Toward the end of 2012 Stevens set up an Instagram account where, like most people, she posted photos of herself and her friends.
But what happened next was a little breathtaking.
Total strangers who saw all of that big, bountiful hair on her head started tagging her photos, sending them out into the vast audience of cyberspace.
Almost immediately, natural-hair companies, advocates and media outlets began reposting her photos, too.
People she didn’t know posted questions.
What did you do to your hair? What products did you use in your hair?
So she started talking about her hair, informally sharing information about the products and methods that made her hair so silky and shiny.
With her Instagram presence taking off she built a website and started making how-to videos guided by two multimedia-savvy friends who walked her through getting a blog started and counseled her to buy the best video equipment she could afford.
In September 2013, MoKnowsHair.com went live, featuring hair care tips, styling methods and product reviews for all hair types and textures.
Her business training told her to carve a niche. She saw that nearly everyone on YouTube demonstrated techniques on their own hair.
To make hers different and to showcase what works for hair types other than her own she decided to use family and friends as models.
“I use other people because I know more about hair than just how to manage my own,” she says. “I consider myself more of a resource than ‘Oh, look at me, pretty.’”
She also scours science journals and used cosmetology-school manuals to learn the chemistry of hair and products. Carr of Sheer Luxe Beauty says that depth of knowledge shows through in Stevens’ videos, further setting her apart from the crowd.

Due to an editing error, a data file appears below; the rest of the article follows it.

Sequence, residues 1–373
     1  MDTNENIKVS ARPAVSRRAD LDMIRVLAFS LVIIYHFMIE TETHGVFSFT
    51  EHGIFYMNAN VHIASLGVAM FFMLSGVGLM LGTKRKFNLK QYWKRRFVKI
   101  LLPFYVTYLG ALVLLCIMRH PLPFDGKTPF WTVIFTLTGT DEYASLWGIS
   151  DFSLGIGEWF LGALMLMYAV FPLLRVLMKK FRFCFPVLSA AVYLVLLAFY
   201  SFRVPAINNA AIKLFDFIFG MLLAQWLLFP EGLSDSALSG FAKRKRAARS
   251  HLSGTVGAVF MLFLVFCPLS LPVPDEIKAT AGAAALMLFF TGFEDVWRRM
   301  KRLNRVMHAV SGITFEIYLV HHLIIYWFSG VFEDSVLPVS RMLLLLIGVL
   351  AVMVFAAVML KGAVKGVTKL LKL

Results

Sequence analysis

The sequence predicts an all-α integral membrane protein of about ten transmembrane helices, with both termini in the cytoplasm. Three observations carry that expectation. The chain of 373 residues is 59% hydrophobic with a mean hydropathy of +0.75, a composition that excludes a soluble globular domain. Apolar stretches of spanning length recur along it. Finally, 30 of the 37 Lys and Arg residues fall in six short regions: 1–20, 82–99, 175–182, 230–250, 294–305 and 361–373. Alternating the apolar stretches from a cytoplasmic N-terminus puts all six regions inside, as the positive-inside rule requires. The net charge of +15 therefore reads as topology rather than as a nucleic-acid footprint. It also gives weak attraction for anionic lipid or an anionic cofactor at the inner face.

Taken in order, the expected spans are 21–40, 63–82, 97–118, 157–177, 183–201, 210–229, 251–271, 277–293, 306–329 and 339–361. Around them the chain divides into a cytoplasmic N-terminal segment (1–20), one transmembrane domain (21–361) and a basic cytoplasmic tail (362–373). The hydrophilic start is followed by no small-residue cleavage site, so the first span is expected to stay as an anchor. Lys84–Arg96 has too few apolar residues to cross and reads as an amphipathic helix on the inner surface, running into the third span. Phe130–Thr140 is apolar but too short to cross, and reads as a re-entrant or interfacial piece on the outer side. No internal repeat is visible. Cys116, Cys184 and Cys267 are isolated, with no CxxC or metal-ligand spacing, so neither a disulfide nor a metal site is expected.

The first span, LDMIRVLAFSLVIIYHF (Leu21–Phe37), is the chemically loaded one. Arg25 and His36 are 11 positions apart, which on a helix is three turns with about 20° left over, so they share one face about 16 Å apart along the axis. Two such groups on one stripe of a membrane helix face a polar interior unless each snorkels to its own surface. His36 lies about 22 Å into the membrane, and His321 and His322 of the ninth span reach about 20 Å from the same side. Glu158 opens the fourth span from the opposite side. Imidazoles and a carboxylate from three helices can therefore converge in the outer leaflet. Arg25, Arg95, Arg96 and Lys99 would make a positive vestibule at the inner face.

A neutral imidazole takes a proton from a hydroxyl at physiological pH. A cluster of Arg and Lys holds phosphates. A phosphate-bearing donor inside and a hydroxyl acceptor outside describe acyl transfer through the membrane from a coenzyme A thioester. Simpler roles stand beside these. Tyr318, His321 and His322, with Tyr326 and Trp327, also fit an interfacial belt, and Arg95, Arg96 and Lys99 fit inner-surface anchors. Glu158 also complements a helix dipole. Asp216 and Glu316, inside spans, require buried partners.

It became clear to Stevens very quickly that maintaining and styling untreated, natural hair like hers was perplexing for women who have spent years and money on chemical relaxers, itchy wigs and glued-on weaves.
“There are people who have never done their own hair in its natural state,” she says.
Natural hair can take more time and effort to maintain and style than chemically straightened hair, and the learning curve is frightening and steep for many women.
“It’s not going to be silky-beautiful easily all the time. It’s going to frizz up if there’s any water in the air and you haven’t layered in your products properly,” she says.
“And if it’s frizzy or you want to straighten it, it’s not as easy to straighten now. Now you’ve got to stretch it, flat iron it, you’ve got to be careful that you’re using the right products and tools so you don’t damage the curl pattern. There are so many things.”
She’s been filming Cherie Williams of Kansas City for the last 19 months as the mother of three transitions from chemically treated to natural hair.
Cutting all those long, chemically straightened tresses off her head — leaving short, springy hair she hadn’t seen in years — was emotional for Williams.
“You get used to seeing yourself in a certain way, so when you branch out into going natural it’s almost like a personal journey,” says Williams.
“It’s not about a hairstyle change in some sense because you have to embrace yourself on all levels. It really makes you start to think about loving yourself in a different way.”
Williams changed up her hair after deciding that she wanted her daughters, ages 5 and 7, to know what their hair could look and feel like without chemical relaxers.
“I just wanted them to embrace their curls,” says Williams. “They don’t have to (have straight hair). They don’t have to look like what everyone thinks they should look like. They should embrace what naturally grows out of their head.”
To reach Lisa Gutierrez, call 816-234-4987 or send email to firstname.lastname@example.org.